The commercially available kit of HMPAO (Ceretec®, Amersham Inc., UK) was labeled with 99mTc without methylene blue stabilizer according to the manufacturer's instructions. Labeling efficiency was determined through the solvent extraction method using a 0.9% w/v NaCl solution as the aqueous phase and chloroform as the organic phase (Barthel et al., 1999). Radiolabeling of the stealth pH-sensitive liposomes containing glutathione was performed as described previously by Phillips et al. (1992) with slight modifications. Preformed liposomes were labeled by transporting 99mTc as a lipophilic 99mTc-HMPAO complex through the bilayer. The liposomes were incubated for 30 minutes at 370C with freshly prepared 99mTc-HMPAO (1 MBq/µmole phospholipids). Lipophilic HMPAO carries the 99mTc into the liposomes where it interacts with encapsulated glutathione resulting in its conversion to hydrophilic 99mTc-HMPAO becomes irreversibly trapped in the internal aqueous phase of the liposomes (Ballinger et al., 1988; Philips et al., 1992). Unencapsulated 99mTc-HMPAO was removed by gel filtration on a Sephadex G-25 column using HEPES buffer pH 7.4 as an eluent. Labeling efficiencies were checked by determining the activity before and after column separation of the 99mTc-SpHL using a dose calibrator (Capintec CRC.15R, USA).The 99mTc-SpHL, after purification, was administered immediately into infection bearing mice.

Mouse model of infection

Swiss male mice (approximately 23-25g in weight) were used for in vivo studies. Focal infection in the right thigh muscle was induced by intramuscular injection with 2 x 107 colony forming units (CFU) of Staphylococcus aureus in 0.05 mL suspension of sterile saline. In the left thigh muscle, used as a control, sterile saline was injected. Twenty four hours after the induction of infection, when swelling of the muscle was apparent, mice were injected with 99mTc-SpHL in the tail vein. All protocols were approved by the Ethics Committee for Animal Experiments at the Federal University of Minas Gerais and are in compliance with the guide for the care and use of laboratory animals recommended by the Institute of Laboratory Animal Resources.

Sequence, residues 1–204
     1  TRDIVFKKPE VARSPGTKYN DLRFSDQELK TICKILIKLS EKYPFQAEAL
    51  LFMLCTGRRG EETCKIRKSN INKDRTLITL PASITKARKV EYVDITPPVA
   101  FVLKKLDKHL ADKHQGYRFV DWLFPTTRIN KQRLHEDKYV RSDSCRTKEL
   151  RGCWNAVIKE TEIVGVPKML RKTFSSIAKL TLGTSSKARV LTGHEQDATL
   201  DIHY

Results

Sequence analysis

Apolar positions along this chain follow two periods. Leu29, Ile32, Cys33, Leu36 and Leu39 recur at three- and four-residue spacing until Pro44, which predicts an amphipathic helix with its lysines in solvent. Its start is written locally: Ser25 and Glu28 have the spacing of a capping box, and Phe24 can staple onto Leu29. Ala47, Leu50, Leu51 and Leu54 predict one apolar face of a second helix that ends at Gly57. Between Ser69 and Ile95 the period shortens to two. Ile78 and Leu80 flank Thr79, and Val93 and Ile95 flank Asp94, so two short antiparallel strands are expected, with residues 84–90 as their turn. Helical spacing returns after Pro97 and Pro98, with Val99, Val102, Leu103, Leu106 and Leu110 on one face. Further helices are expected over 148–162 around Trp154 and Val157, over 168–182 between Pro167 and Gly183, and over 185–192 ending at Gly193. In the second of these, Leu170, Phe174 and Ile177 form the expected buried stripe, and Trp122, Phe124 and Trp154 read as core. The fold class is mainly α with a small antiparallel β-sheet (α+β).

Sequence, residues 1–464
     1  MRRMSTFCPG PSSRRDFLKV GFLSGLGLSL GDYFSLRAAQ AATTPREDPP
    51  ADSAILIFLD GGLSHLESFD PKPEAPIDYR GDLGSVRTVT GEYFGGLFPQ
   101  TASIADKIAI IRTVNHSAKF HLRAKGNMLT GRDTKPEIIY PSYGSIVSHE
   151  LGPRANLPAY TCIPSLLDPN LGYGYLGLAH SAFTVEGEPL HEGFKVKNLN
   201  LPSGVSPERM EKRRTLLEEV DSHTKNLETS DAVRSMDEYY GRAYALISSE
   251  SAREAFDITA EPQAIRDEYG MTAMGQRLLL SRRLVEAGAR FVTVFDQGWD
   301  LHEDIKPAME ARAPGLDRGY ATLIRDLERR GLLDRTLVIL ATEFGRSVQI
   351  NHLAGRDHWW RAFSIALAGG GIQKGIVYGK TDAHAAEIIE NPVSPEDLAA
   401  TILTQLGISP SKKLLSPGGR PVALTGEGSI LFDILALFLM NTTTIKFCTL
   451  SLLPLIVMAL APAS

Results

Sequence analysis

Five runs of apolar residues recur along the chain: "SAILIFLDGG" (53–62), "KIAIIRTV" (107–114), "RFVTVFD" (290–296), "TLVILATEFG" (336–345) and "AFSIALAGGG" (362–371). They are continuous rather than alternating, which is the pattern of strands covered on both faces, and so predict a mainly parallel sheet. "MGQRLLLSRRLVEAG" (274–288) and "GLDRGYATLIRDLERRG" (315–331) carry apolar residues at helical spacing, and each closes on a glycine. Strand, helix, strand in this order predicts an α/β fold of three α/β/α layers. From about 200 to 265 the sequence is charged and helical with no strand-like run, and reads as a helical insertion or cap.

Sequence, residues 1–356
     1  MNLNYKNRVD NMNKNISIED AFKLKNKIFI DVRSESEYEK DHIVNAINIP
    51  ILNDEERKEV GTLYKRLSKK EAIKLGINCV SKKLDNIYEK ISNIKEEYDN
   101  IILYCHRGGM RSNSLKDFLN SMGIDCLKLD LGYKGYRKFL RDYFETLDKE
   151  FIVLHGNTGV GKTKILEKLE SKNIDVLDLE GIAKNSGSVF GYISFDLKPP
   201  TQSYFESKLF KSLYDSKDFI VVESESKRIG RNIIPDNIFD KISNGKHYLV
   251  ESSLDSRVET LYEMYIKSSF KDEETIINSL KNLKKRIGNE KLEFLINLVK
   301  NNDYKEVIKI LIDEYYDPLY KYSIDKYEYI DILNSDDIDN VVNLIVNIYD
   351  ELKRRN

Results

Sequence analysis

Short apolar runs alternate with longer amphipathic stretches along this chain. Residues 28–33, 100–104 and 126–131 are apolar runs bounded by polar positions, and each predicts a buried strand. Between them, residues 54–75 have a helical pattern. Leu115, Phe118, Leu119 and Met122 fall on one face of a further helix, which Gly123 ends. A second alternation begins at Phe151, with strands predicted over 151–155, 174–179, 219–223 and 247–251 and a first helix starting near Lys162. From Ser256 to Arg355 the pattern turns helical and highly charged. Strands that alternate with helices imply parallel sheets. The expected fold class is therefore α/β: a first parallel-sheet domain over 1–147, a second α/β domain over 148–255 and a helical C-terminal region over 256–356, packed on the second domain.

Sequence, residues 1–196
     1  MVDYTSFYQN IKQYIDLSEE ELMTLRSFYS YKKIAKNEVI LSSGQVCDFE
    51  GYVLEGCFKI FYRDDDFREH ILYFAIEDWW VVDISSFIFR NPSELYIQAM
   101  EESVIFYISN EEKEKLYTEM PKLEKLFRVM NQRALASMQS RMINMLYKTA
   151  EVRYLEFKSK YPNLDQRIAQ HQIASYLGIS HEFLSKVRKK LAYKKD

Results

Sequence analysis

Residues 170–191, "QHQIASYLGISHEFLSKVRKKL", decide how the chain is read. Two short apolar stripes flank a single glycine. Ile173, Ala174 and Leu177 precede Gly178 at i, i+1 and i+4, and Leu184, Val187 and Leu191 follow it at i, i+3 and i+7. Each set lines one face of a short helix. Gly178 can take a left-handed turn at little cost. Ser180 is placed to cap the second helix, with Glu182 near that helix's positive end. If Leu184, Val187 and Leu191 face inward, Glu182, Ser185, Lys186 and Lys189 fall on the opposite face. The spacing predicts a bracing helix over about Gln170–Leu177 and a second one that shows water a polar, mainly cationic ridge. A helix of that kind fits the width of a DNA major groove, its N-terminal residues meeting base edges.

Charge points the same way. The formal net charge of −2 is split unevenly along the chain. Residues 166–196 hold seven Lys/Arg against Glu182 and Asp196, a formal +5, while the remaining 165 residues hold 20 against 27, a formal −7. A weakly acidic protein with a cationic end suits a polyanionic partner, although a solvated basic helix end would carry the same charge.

Biodistribution studies

After 24 hours of the induction of the infectious foci, 1.5 MBq of 99mTc-SpHL were injected in the tail vein of the mouse (n=3). At 0.5, 2, 4, 8, and 18 hours after radiopharmaceuticals administration, the animals were anesthetized with a mixture of xylazine (7.5 mg/kg) and ketamine (60 mg/kg) and then sacrificed by cervical dislocation. Blood sample, liver, spleen, lungs, kidneys, heart, left thigh muscle, and infected right thigh muscle were collected. The dissected tissues were weighed and their radioactivity measured using an automatic scintillation apparatus covering an energy window of 70-210 KeV (ANSR-Abott, USA). A standard dosage containing the same injected amount was counted simultaneously in a separate tube, to correct physical decay and to calculate radiopharmaceuticals uptake in each organ. The measured radioactivity in tissues was expressed as percentage of injected radioactivity dose per gram of tissue (%ID/g).

Imaging studies

99mTc-SpHL (25 MBq) was injected in the tail vein of the Swiss male mice which presented infection sites in the right thigh muscle (n=5). At 0.5, 1, 2, 4, 6, and 18 hours the mice were anesthetized with a mixture of xylazine (7.5 mg/kg) and ketamine (60 mg/kg) and placed in the prone on a gamma camera equipped with a low-energy collimator high resolution (NucleineTM TH, Mediso, Hungary). Five-minute static planar images were acquired for all times, except for the time of 18 hours (ten-minute), using a 256 x 256 pixels matrix.

The scintigraphic results were analyzed using regions of interest (ROI) drawn around the infected muscle (abscess), contralateral muscle (background), and the entire body to determine total body counts. The abscess-to-background ratio and activity in the abscess at various times were determined by following equations:

Abscess-to-background ratio = Counts abscess__
  Counts background

% Activity in abscess =

Counts abscess__ x 100


Counts total body

Statistical analysis